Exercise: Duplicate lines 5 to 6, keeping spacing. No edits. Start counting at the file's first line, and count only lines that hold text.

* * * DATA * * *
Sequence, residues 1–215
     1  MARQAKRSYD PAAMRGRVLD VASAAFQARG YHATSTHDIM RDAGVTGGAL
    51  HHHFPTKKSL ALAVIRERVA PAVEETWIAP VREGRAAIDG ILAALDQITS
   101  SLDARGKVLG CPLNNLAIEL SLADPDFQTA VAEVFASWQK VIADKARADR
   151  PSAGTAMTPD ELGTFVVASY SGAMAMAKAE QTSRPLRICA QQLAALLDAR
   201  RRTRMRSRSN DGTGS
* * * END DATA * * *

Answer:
   151  PSAGTAMTPD ELGTFVVASY SGAMAMAKAE QTSRPLRICA QQLAALLDAR
   201  RRTRMRSRSN DGTGS